Foreign capital inflows and growth of real estate markets in selected African countries

Kundu, Allan Simiyu
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National real estate markets are globally recognized as essential segments of an economy and major contributors to national aggregate outputs. However, Africa’s national real estate markets are largely underdeveloped mainly because capital is in short supply. In this study, we examine the effects of foreign direct investment (FDI), foreign portfolio investments (FPI) and remittances on Africa’s real estate markets. We also sought to establish the financial market channels of capital inflows that are especially important for the real estate markets. In 1980s and 1990s, the widespread influence of the Bretton Woods institutions’ policy prescriptions saw many African countries implement far-reaching financial liberalization reforms. These reforms were meant to address low domestic savings and investments by opening the capital accounts of nations as to enable inflow of foreign capital. In this study, we test the externalities of these inflows. Specifically, we examine the effects of foreign capital inflows on African real estate markets by estimating a structural investment model using a pooled feasible generalized least square and general method of moment estimators in a panel set-up. We use data from Botswana, Kenya, Morocco, Namibia and South Africa for this test. Second, we examine causality relationships between real estate investments and foreign capital inflows using vector autoregressive (VAR) models and the Bai-Perron threshold test. Third, using the optimal general method of moment estimators and interactive term approach, we model the most important channel for foreign capital inflows’ externalities on the real estate markets. The panel results show that FDI and remittance do not have favourable associations with residential and non-residential real estate investments during their initial period of inflow, but in later periods, they correlate positively and significantly with real estate investments. The relation between FPI and the real estate investments is inconclusive. The VAR test suggests that the effects of foreign capital inflows on both residential and non-residential real estate investments vary across countries and markets. In some cases, the effects are time-varying and size-dependent, but in the majority of the cases, the effects are contingent on the size of the inflows. In respect of the most important channel(s) reflective of effects of cross-border flows on real estate markets, the results appear largely country-dependent: the credit market channel appears to stand out in reflecting most favourable externalities from cross-border flows. Further, evidence on the direct channel effect also varied from country to country. The indirect channel of the equity market is only important in South Africa, especially, when remittances are funnelled via the equity market channel. Based on the forgoing, it appears clear that in order to fast-track growth in national real estate markets, we should recommend that African countries put policies in place to motivate direct foreign capital inflows, encourage channelling of foreign capital inflows, particularly remittances and FDIs through the financial markets, with emphasis on credit markets.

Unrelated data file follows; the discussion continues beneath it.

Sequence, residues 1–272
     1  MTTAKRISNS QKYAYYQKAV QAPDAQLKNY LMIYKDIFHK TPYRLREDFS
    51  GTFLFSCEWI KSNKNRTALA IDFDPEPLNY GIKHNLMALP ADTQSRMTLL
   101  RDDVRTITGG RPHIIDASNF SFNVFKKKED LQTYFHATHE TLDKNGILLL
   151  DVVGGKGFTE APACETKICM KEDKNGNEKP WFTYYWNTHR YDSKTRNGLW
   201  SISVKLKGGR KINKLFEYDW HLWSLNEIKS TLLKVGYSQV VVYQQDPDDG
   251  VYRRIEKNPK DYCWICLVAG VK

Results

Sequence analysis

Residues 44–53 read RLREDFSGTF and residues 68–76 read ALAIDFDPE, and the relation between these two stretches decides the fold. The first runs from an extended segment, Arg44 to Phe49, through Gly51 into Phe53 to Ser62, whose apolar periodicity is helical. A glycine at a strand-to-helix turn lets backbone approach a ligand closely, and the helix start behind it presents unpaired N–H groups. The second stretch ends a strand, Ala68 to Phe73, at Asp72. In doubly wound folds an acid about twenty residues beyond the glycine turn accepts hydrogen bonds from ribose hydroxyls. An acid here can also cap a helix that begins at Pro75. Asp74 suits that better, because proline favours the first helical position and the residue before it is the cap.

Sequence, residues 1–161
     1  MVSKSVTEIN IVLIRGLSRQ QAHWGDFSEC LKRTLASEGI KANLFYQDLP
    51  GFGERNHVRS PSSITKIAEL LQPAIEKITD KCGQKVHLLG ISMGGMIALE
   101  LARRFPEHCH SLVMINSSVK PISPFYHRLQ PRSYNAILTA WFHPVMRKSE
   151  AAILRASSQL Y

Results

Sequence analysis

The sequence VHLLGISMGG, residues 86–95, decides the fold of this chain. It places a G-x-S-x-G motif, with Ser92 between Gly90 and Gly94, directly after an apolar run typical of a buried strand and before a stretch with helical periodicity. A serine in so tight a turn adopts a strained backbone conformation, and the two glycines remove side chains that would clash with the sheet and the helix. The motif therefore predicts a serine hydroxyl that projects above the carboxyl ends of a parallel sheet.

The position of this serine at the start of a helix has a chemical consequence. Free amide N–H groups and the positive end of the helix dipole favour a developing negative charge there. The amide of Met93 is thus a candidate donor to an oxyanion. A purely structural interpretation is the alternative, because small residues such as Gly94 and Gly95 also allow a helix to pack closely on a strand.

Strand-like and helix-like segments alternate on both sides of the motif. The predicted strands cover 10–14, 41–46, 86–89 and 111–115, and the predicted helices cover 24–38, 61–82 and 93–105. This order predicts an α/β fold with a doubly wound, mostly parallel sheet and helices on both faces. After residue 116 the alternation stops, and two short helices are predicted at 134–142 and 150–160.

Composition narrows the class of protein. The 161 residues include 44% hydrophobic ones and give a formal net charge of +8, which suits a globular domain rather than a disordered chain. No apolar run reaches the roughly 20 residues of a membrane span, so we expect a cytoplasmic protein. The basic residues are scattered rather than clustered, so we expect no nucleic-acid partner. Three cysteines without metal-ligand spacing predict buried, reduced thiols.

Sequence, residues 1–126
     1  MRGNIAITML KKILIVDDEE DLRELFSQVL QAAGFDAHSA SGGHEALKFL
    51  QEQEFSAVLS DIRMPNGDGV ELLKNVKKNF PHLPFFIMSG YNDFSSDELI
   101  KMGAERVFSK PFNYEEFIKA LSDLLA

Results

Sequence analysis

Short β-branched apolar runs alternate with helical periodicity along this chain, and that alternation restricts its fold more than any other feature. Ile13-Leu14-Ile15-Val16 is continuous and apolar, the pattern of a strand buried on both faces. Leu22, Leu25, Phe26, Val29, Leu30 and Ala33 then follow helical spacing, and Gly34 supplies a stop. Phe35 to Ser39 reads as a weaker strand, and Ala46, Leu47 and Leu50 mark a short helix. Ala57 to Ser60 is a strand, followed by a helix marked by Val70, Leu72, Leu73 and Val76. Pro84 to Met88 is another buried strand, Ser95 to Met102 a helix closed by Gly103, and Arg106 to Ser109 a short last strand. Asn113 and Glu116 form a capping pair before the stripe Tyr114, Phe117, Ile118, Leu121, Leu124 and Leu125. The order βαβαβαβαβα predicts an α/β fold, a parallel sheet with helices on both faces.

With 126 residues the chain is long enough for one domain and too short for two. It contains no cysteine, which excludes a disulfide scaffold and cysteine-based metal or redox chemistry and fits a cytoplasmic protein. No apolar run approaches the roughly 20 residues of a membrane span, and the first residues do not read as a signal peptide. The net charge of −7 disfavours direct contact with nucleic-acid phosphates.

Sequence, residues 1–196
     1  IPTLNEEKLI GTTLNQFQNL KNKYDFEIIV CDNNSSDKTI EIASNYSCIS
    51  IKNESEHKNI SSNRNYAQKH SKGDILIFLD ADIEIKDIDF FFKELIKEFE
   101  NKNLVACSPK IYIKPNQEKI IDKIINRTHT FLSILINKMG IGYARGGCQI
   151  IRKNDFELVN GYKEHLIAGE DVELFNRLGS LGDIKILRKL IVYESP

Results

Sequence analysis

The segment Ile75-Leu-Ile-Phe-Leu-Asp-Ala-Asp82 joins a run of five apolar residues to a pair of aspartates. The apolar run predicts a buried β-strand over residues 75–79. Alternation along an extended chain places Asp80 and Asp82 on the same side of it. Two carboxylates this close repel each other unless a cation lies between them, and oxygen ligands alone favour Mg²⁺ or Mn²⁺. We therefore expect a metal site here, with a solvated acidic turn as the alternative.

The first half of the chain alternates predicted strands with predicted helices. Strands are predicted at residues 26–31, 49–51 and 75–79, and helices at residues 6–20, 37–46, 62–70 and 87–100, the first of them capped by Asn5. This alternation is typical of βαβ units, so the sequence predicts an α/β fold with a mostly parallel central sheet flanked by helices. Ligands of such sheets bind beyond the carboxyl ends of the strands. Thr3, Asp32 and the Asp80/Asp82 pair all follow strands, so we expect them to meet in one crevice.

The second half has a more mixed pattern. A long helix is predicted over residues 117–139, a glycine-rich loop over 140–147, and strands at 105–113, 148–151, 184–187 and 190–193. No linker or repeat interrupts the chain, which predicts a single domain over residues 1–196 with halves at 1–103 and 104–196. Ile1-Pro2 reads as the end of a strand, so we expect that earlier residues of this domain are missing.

A Dissertation Submitted to the Faculty of Commerce, Law and Management, University of the Witwatersrand, Johannesburg, in Fulfilment of the Requirements for the Degree of Doctor of Philosophy in Finance. 28th September 2015